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Helen Frankenthaler

            Helen FrankenthalerA form of art called abstract expressionism is a form of art in which the artist expresses ones self purely through the use of form and color.In abstract expressionism, the art really has no concrete shape, but is made up of purely form and color. Helen Frankenthaler was an abstract expressionist who revolutionized a new technique of canvas painting, and started a brand new generation of unique artists.
             Helen Frankenthaler was born in 1928 in Manhattan, New York. Helen attended Dalton School, which is located in New York. During high school, Helen studied with such artists as Rufino Tamayo, and later with Hans Hofmann. Helen Frankenthaler attended Bennington College. Helen Frankenthaler was also married to another abstract expressionist, Robert Motherwell, from 1958 to 1971. Helen opened a studio in New York, and was being trained under her mentor, Clement Greenberg, and art critic, who showered her off to the mojority of the 1950's artists, including but not limited too, Pollock and De Kooning. These two artists in particular subjected her to inspirations such as the gestural technique, also known as Action Painting.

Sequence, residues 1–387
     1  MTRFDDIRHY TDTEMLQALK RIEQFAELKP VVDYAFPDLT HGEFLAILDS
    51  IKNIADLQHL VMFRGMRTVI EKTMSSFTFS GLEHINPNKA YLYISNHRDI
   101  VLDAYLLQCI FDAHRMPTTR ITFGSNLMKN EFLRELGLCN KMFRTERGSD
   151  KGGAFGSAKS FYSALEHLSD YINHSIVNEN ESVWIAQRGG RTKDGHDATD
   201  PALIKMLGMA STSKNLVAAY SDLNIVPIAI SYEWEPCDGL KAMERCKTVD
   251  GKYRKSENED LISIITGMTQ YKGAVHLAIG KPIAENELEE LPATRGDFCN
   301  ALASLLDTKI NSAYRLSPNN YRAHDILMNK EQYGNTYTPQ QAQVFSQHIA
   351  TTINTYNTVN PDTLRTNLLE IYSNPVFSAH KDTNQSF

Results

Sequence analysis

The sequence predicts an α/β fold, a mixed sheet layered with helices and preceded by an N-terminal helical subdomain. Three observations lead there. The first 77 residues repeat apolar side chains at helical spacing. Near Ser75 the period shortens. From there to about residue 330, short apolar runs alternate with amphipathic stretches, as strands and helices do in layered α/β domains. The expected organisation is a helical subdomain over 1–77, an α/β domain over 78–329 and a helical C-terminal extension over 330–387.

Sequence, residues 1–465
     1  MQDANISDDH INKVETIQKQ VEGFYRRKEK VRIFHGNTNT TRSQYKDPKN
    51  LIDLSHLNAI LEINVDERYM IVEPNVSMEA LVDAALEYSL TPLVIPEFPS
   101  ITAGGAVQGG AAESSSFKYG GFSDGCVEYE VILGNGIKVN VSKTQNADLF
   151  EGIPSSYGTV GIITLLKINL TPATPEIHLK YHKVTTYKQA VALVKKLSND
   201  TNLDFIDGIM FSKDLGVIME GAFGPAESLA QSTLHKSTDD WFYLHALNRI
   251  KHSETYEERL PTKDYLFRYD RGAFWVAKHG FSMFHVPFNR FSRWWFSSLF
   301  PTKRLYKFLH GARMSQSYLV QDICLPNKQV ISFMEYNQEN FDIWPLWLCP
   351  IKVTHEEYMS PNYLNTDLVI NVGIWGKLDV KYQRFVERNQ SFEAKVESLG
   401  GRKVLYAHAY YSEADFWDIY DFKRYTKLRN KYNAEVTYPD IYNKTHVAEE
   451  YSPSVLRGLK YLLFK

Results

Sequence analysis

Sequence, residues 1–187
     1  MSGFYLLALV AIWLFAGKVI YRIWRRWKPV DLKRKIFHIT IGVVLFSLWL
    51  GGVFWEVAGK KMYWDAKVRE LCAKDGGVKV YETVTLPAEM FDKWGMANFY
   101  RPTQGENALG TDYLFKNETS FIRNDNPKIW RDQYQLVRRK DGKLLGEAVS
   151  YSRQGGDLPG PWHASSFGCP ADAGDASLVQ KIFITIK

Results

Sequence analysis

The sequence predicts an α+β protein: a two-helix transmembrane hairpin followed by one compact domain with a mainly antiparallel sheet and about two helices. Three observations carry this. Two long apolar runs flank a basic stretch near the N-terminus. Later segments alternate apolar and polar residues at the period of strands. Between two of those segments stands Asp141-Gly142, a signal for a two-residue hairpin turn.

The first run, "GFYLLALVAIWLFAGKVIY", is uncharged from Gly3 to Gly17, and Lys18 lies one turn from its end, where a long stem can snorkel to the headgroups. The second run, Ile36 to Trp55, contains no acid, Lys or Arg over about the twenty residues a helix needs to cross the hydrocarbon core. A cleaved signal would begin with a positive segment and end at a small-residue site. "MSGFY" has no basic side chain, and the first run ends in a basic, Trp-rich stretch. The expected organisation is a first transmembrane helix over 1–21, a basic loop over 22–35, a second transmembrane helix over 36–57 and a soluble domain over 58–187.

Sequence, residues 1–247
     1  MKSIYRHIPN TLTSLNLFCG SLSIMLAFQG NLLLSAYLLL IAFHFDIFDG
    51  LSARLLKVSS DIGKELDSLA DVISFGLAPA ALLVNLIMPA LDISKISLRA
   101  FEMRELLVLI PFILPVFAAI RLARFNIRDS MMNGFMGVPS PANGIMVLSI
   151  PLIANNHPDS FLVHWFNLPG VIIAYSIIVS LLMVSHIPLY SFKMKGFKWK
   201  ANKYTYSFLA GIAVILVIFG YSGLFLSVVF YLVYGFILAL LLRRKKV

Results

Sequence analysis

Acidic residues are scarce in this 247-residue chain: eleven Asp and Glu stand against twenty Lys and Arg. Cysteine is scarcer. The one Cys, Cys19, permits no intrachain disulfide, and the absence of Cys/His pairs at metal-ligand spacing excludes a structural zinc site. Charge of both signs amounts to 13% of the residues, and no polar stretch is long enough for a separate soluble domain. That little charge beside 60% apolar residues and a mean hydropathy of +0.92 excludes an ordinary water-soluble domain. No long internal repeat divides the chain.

The technique she created was one of greatness. Instead of painting on a primed canvas as was the usual technique, she took an unprimed canvas or other surface, still unprimed, and dumped paint all over it! She then allowed it to sit and soak, therefore staining the canvas. This technique became the epitome of her style, what she was nationally renowned for as an American artist. With her refined art style, she made a lasting effect on the art society as a whole,and she drew up a large crowed of future generation artists, that would come to be known as the Color Feild painters. .
             Early in her career, Frankenthaler began with oils, but as she moved through into the 1960's, she expanded her horizons to acrylics. In the 1970's she started using woodcuts, color prints, and sculpture in her media inventory.

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